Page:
State courts, which hear more than 95 percent of all cases, make decisions that shape virtually every aspect of people’s lives –– from marriage rights, to healthcare access, to school funding. Despite the importance of state courts, most people know very little about who sits on them and how these judges reach the bench.
The practice of filling interim vacancies, which occur when judges leave the bench before completing their full term (often because of retirement, resignation, or death), is one aspect of judicial selection that is particularly under-scrutinized. All states, even those that use judicial elections, appoint judges to fill these unoccupied seats. The seemingly small decision of who takes an interim seat can have significant long-term consequences for the composition of the judiciary given the major advantages incumbents enjoy in subsequent elections. When opposed on the ballot, incumbents tend to fare better than challengers, due in part to their name recognition, experience on the job, and greater success in fundraising. Of course, when incumbents run unopposed, they are guaranteed an extended tenure on the bench.
This analysis considers the long-term effects interim appointments have on the judiciary, especially in states that use elections for subsequent terms on the bench, and the frequency with which states use interim appointments in practice.
We analyzed information on sitting state supreme court justices’ paths to the bench in all 50 states, as of August 2016. We collected data identifying how each justice came to the bench, the reselection method used for any subsequent terms, and basic demographic information. For candidates who have participated in elections, we also collected information on whether they were opposed. Because we only included sitting justices, excluded from the data are former justices who were appointed and then didn’t seek a subsequent term or who lost their election.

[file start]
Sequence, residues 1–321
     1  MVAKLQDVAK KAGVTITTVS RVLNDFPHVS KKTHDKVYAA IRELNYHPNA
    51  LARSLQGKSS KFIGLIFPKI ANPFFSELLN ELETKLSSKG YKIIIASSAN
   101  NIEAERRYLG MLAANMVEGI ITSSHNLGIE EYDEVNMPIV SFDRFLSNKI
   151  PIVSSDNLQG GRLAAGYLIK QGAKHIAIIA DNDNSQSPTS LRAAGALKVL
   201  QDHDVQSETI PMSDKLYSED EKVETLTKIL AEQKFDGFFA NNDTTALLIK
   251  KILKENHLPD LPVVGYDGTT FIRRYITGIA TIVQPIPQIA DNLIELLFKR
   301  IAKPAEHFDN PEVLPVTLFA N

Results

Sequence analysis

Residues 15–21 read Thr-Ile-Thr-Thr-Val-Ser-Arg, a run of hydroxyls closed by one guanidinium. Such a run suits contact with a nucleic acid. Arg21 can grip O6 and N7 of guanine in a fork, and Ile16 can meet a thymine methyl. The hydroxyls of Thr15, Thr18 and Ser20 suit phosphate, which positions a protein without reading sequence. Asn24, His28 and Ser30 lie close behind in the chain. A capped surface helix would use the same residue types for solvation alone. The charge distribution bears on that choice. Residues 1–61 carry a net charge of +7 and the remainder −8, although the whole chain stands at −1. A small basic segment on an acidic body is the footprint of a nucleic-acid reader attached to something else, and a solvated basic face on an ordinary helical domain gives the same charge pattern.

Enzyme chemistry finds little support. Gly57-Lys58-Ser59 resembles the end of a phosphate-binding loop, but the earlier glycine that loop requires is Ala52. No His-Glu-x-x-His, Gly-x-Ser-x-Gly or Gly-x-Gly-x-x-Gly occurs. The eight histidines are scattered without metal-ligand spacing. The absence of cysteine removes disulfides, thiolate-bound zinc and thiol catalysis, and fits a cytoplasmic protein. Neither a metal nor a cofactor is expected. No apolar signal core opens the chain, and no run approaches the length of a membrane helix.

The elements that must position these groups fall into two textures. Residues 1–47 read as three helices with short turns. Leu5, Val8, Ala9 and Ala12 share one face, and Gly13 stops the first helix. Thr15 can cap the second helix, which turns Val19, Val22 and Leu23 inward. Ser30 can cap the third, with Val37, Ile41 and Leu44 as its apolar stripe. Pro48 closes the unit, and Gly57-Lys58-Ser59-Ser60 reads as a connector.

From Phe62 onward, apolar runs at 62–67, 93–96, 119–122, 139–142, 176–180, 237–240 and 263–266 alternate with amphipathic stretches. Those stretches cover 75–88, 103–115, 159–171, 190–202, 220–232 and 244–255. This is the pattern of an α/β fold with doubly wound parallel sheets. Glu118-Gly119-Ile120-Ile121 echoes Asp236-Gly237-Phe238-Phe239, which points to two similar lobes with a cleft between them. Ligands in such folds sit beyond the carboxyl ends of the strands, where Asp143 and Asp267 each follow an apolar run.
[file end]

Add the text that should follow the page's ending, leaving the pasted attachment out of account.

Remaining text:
Key findings include:
- In the 22 states that use contested elections to choose supreme court justices, nearly half of sitting justices –– 45.1 percent –– were initially appointed.
- In three election states –– Georgia, Minnesota, and North Dakota –– every sitting supreme court justice was initially appointed, while in three others –– Pennsylvania, Louisiana, and West Virginia –– no judge was initially appointed.
- Nationwide, including states that only use appointments, 73.9 percent of sitting justices were initially appointed, with the remaining 26.1 percent initially elected to the bench.
- In contested election states, over one-third of justices who were initially appointed were unopposed in their first election, and 29 percent have never been opposed.
Previous studies have examined interim selection on state supreme courts, most recently looking at data from contested election states from 1964–2004. Since 2000, however, the landscape of judicial selection has changed dramatically. The process has become more politicized and elections, when they occur, are more expensive. Updated data makes it possible to assess the pathways to the bench in this new electoral environment. This analysis also extends beyond past studies by including data on the reselection pathways for interim appointees, illustrating the long-term consequences interim appointments can have.
The data reveals a disconnect in many states between the formal system of judicial selection and practice. If a state chooses to elect judges in order to forward certain goals, such as public accountability or democratic input, the regular use of interim appointments raises questions about whether its system is, in fact, serving these purposes.
Additionally, the data reveals how crucial appointments are to nearly all states’ selection systems. States committed to selecting a high-quality and diverse bench should therefore focus on structuring their interim selection process to meet these goals.
Click here to read the full analysis.